An article in the Toronto Star this weekend highlights one HomeBuyer’s experience competing in four bidding wars (multiple offers). Sandro Contenta voices what Realosophy feels is amiss with the current multiple offer process—namely, a lack of transparency and the diminished consumer protection that results.
The multiple offer process was a key issue in the Toronto Real Estate Board’s recent election, an issue which divided the two candidates running for president-elect.
Michael Manley of Prudential Properties Plus felt that the current multiple offer process is hampered by a number of problems. Mr. Manley stated that one of the core problems with the current system is the issue of fake (or phantom) multiple offers. The lack of transparency in the multiple offer process means that it’s almost impossible for a HomeBuyer to know if more than one offer is actually being presented for a home. To address this issue, Mr. Manley proposed to develop a fair offer system that would reign in unscrupulous practices.
His opponent, Maureen O’Neill of Bosley Real Estate, felt that the problem had been overstated, noting that in her 27-year career, the election campaign marked the first time she had ever heard of a phantom offer. On June 15th, Toronto realtors elected Ms. O’Neill as president-elect.
The results of the election suggest that realtors are more comfortable with Ms. O’Neill’s protective stance rather than Mr. Manley’s call for change. Clearly, many realtors are uncomfortable with criticism, often a necessary precursor for change: identifying problems with the industry, the common notion goes, is bad-mouthing the industry. I have always been fascinated by the disconnect between what realtors think an insider critique does to their industry (harm it) and what it actually does—restore consumer faith in an industry beleaguered by bad news stories epitomized by Mr. Contenta’s experience.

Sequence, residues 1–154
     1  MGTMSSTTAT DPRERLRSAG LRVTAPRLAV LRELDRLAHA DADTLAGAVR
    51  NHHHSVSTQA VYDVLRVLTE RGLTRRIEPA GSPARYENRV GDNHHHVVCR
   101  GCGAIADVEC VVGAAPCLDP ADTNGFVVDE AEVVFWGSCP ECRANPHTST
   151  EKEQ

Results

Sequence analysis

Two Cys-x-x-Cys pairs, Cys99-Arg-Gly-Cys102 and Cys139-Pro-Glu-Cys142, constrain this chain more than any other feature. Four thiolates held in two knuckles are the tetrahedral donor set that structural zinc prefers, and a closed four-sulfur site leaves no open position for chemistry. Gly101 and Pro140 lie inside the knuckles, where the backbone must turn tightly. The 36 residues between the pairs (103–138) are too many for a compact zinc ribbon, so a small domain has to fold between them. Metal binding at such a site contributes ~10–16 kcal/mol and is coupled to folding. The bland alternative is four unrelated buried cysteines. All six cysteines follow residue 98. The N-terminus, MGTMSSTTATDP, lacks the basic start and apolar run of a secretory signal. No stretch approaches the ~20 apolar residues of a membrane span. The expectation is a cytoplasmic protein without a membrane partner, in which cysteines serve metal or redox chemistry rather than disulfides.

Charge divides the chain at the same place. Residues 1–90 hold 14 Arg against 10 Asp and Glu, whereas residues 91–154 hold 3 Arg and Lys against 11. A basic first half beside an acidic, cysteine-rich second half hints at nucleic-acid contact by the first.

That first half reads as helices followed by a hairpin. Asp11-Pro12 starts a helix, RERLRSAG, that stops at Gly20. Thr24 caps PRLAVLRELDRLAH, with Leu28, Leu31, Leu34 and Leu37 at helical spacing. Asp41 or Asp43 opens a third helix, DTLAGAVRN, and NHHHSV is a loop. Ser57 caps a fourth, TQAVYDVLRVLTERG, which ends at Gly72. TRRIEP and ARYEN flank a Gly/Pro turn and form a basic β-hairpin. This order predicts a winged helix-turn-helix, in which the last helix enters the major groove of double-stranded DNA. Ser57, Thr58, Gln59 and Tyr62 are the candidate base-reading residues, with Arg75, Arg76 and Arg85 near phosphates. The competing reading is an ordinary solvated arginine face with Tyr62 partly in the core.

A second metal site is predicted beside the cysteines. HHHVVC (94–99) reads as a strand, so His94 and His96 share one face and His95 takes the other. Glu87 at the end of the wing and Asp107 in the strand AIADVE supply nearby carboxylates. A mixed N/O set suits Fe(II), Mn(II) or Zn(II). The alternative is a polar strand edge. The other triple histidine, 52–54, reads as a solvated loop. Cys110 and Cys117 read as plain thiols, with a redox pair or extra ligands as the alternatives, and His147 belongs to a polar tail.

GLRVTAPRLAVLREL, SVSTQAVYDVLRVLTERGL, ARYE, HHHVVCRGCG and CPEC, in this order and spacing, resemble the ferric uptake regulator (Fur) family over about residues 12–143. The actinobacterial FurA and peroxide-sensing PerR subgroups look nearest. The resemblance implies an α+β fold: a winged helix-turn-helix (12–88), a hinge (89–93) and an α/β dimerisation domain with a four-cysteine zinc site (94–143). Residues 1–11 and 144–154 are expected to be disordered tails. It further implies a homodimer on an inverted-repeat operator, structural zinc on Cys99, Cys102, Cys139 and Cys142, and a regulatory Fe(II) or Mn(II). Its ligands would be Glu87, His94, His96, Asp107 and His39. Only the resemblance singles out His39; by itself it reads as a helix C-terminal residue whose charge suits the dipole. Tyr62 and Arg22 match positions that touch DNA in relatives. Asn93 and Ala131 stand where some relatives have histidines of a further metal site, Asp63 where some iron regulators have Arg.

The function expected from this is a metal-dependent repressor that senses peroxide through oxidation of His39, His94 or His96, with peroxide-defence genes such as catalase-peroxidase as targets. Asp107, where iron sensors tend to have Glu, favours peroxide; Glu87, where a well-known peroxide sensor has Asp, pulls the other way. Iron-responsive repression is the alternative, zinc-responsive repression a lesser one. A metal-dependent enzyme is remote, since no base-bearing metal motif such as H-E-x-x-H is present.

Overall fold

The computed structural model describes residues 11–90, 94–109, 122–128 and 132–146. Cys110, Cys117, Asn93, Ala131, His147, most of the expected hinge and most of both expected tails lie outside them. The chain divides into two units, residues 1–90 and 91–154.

The industry is being confronted by profound changes in the marketplace today. To my mind, there are two key drivers of this change: technological progress and consumer expectations. Today’s HomeBuyers are more connected, more educated and more informed than ever before. In exchange for their loyalty, they expect honest, timely and open communication from the businesses they connect with. Transparency is the currency of today’s market. Realtors will need to learn that it’s ok to say that our industry isn’t perfect—but then, no industry is without the need for vigilance. What hurts us most is not the suggestion that the multiple offer process may need fixing, it is being afraid to recognize where we could stand to serve consumers better.
John Pasalis is a sales associate with Prudential Properties Plus in Toronto and a founder of Realosophy.